The US Department of Energy, with responsibility for managing nuclear weapons, has emerged as a victim of a major suspected Russian hacking campaign.
A spokeswoman confirmed that the department was responding to a cyber breach but said that the security of the nuclear weapons had not been affected.
“At this point, the investigation has found that the malware has been isolated to business networks only, and has not impacted the mission essential national security functions of the department,” Shaylyn Hynes said in a statement.
The security functions at the National Nuclear Security Administration, or NNSA, which is a branch of the department that manages the country’s nuclear weapons arsenal, were not impacted, she said.
The US government is scrambling to understand the scale of a cyber hack that security officials have described as “significant and ongoing”.
Computer systems at the Treasury and Commerce departments have been affected.
It is thought that the departments of defence, state and homeland security have also been compromised.
This means some of the United States’ most sensitive secrets could have been stolen, while spyware could be lurking on networks and data could be remotely altered or deleted.
Reports have linked the attack – which has been going on at least since March – to Russia but there has not yet been any official attribution.
Senator Deb Fischer, who chairs the subcommittee that oversees nuclear forces, said she was “troubled” that hackers accessed NNSA’s network.
She said the hack “reinforces the need to modernise our nuclear enterprise in order to ensure it remains safe, secure, and effective in the face of evolving threats”.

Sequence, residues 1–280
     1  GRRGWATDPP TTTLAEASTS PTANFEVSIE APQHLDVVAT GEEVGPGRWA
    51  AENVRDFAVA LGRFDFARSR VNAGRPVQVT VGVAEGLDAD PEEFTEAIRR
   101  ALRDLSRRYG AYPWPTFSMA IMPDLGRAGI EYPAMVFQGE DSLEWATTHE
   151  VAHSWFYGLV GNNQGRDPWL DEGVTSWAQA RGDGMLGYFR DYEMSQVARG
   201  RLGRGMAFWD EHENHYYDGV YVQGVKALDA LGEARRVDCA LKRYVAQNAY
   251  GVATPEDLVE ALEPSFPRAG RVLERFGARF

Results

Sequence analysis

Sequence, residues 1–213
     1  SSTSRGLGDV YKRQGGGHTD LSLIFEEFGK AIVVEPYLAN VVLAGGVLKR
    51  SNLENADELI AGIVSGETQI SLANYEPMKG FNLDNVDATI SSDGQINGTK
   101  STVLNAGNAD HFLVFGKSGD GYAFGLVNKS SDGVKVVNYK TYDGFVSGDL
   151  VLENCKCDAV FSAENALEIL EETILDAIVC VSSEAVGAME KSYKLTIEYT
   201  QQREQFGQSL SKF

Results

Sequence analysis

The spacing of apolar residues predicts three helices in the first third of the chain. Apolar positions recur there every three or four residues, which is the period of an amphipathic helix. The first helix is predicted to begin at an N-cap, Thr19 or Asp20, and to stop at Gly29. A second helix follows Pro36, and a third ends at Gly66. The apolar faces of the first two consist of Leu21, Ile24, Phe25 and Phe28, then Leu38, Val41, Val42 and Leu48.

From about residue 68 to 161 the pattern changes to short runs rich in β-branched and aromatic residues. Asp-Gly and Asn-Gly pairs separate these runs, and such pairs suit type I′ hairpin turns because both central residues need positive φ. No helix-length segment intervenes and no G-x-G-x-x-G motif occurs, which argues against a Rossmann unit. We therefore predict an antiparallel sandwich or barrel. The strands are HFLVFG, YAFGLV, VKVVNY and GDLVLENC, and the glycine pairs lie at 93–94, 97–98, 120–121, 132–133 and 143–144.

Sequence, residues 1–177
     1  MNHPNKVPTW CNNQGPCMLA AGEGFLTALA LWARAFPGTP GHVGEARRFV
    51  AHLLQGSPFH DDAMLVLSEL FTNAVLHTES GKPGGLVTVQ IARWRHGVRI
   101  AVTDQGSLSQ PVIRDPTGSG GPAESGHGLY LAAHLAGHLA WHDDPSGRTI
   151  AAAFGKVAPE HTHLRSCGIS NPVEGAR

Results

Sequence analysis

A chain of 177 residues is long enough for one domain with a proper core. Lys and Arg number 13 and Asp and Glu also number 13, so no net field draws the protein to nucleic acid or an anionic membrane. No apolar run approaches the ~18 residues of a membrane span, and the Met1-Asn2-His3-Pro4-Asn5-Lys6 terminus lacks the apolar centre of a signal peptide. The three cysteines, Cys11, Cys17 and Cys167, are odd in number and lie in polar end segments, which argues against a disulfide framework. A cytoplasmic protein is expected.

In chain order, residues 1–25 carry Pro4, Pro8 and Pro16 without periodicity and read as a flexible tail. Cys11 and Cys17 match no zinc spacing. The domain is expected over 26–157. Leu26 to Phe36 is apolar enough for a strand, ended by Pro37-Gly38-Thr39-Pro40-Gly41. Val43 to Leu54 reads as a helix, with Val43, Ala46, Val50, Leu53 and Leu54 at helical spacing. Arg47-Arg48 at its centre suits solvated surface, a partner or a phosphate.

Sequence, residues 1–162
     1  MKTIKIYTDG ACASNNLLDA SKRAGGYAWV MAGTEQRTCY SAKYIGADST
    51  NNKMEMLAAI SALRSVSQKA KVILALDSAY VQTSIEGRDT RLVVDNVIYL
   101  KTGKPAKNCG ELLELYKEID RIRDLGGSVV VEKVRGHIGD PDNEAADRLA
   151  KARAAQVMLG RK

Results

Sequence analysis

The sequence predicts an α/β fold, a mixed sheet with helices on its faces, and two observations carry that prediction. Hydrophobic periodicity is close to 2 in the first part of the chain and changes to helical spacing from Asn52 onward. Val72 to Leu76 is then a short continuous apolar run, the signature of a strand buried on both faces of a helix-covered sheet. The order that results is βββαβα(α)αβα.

President-elect Joe Biden has said the cyber attack on the US government is of “great concern” and said it will be a top priority for him from the moment he takes office.
Incumbent President Donald Trump has yet to comment even though the hacking occurred on his watch.
“We have learned in recent days of what appears to be a massive cybersecurity breach affecting potentially thousands of victims, including US companies and federal government entities,” the president-elect said.
“There’s a lot we don’t yet know, but what we do know is a matter of great concern.
“I want to be clear; my administration will make cybersecurity a top priority at every level of government — and we will make dealing with this breach a top priority from the moment we take office.”
Mr Biden also indicated that his administration would punish those responsible.
“We need to disrupt and deter our adversaries from undertaking significant cyber attacks in the first place,” he said.
“We will do that by, among other things, imposing substantial costs on those responsible for such malicious attacks, including in coordination with our allies and partners. Our adversaries should know that, as president, I will not stand idly by in the face of cyber assaults on our nation.”
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The Cybersecurity Infrastructure Agency (CISA), which helps to protect the United States from cyber attacks, issued updated information on the hack, which first emerged last week, revealing that the scale is even larger than first feared.
It said that hackers had used other techniques besides corrupting updates of a piece of network management software by a technology company called SolarWinds.
An alert had already been issued about a compromise in the SolarWinds software, which is used by a number of government departments as well as large US corporations.
CISA also gave a sense of the sophistication and skills of the hackers and how difficult it will be to secure compromised networks.
“This APT (advanced persistent threat) actor has demonstrated patience, operational security, and complex tradecraft in these intrusions,” the agency said.
“CISA expects that removing this threat actor from compromised environments will be highly complex and challenging for organisations.”
Cybersecurity officials as well as the FBI and the Office of the Director of National Intelligence are working together to deal with the hack.
Robert O’Brien, the national security adviser, cut short a trip to Europe this week to return to Washington because of the crisis.
Members of congress are due to receive a classified briefing on the breach on Friday.